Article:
Published 13 years ago, Slash still stands as one of the seminal rock autobiographies of all time- and why wouldn’t it be? From cover to cover it’s nothing short of eventful, ranging from the inspiring and enthralling to the humorous and downright tragic; following one Saul “Slash” Hudson through his youth and formation as a musician up to the pinnacle of superstardom and down again- only to bounce back in the aughts, of course. Depending on the drive, idiosyncrasies or mental stability of the person, readers will either be inspired to achieve the same level of popularity and acclaim Guns N’ Roses reached in the late ‘80s and early ‘90s and even replicate their lifestyle, or be repelled by the realities of fast living and celebrity and decide taking their musical inclinations anywhere beyond a part-time hobby isn’t worth the pain. For what it’s worth, Slash does say that an unsettling amount of people in the G’N’R circle eventually ended up dead or strung out, so the conclusions are the reader’s to draw.

Like any autobiography worth its salt, there’s an unending amount of revelations and clarifications in Slash that clear the air on long-contested parts of Guns and Slash’s history and give fans previously unknown pieces of the puzzle to put together and relate to their own experience. First and foremost on the revelatory side: Slash’s transient, bohemian upbringing that saw him shifted around from the outskirts of London to Laurel Canyon and a string of homes around Hollywood afterwards following his parents’ divorce. On the plus side, it made for some great stories and brought him into contact with a plethora of famous characters: David Bowie, who dated Slash’s mother when she designed his costumes and David Geffen, who ran Asylum Records at the time and signed Guns to Geffen years later being two such examples. On the minus side, his rootlessness as a child coloured a large portion of his adulthood; well after the royalties started rolling in for Appetite and subsequent records he still found himself bouncing around from apartment to apartment to house to house. This leads to a profound irony about touring that Slash freely acknowledges: With nowhere to go and nothing to do where you live, the open road is the closest thing to home you can get.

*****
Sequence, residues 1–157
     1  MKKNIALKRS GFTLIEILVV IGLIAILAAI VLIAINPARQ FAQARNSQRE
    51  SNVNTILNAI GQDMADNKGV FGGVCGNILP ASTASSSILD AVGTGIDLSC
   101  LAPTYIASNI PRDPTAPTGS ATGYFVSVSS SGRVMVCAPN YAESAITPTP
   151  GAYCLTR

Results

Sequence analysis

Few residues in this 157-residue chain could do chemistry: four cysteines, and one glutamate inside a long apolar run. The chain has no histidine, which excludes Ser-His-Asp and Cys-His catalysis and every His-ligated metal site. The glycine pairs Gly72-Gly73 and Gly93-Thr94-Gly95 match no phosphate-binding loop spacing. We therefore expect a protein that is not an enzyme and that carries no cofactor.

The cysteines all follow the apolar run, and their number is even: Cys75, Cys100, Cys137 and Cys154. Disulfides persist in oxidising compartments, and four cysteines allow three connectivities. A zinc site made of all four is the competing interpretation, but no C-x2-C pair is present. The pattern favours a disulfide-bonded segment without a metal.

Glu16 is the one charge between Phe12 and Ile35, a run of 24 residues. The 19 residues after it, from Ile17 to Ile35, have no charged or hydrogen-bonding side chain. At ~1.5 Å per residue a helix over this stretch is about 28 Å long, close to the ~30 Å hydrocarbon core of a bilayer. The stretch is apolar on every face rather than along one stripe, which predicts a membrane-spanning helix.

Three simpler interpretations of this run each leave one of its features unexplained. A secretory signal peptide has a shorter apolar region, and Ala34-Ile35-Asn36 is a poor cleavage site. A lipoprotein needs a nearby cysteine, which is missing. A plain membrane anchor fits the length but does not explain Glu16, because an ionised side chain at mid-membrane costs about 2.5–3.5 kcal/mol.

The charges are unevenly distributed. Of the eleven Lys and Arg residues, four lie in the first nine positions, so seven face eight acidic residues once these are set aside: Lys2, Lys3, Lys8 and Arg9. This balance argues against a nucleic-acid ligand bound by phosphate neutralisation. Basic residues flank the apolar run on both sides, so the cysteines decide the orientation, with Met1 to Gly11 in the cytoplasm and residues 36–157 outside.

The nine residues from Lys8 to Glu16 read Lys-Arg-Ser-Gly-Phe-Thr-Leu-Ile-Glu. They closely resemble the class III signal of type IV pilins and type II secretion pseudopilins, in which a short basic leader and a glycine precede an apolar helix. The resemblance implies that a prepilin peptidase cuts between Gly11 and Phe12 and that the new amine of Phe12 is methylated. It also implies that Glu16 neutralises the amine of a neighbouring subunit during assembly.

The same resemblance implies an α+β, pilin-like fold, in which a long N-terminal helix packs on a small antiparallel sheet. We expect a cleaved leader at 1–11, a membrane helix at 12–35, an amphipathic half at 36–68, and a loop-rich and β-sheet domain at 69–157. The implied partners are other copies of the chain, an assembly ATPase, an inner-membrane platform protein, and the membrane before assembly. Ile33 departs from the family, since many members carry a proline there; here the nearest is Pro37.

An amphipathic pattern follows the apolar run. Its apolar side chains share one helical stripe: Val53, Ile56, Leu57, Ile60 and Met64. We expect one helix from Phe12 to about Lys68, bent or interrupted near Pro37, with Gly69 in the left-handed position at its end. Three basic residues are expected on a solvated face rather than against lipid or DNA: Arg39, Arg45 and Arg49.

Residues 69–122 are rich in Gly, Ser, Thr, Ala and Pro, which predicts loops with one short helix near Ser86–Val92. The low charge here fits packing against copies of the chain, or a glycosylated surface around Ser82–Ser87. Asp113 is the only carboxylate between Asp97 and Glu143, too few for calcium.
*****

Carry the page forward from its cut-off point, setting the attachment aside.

Then there’s the clarifying side. One point that Slash incessantly drives home is that despite how many times they were (and still are) lumped in with the hair metal crowd of the ‘80s and classified as such, Guns N’ Roses were anything but hair metal. The fact that they came from Hollywood and the Sunset Strip at that time didn’t mean that they were in any way the same as Poison, Great White, Faster Pussycat, etc; in fact Guns despised the hair band scene so much that they wouldn’t play Gazzarri’s because of it being a hairspray haven and sent Faster Pussycat’s drummer bound and gagged down a hotel elevator a few years later. In that respect, they may have shared more in common with the grunge and alternative bands of the early ‘90s, and, being big and different enough to not be damaged by Nevermind reached out to alt-rock luminaries such as Nirvana, Faith No More and Soundgarden to open for them on the Illusion and GNR/Metallica tours. The appreciation wasn’t mutual as they saw Guns as another rockstar ‘80s band they strove to be utterly antithetical to; Kurt Cobain especially went out of his way to not be associated with them. Nevertheless, Mike Inez from Alice In Chains ended up in Slash’s Snakepit and Scott Weiland fronted Velvet Revolver, so the ‘80s/‘90s rivalry was neither eternal nor universal.